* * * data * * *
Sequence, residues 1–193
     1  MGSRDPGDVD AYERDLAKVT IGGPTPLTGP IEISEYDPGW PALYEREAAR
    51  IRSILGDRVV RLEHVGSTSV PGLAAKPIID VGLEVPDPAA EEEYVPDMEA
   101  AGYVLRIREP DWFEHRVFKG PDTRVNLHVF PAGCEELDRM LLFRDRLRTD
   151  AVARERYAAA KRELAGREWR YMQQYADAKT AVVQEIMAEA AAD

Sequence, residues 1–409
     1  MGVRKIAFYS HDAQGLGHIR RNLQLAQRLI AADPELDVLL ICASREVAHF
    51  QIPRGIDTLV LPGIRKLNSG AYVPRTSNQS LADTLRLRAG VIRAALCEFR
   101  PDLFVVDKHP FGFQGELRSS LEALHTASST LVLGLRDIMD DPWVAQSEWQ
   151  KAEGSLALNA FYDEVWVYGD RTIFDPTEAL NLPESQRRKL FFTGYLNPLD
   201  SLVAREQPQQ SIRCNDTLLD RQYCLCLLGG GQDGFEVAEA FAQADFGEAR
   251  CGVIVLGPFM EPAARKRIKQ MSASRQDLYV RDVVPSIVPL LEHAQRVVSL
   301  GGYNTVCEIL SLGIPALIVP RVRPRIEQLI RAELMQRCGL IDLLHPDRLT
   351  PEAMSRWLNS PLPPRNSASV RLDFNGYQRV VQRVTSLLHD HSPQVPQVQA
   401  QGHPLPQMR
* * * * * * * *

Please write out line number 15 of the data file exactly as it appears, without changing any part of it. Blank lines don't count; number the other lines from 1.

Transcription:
   401  QGHPLPQMR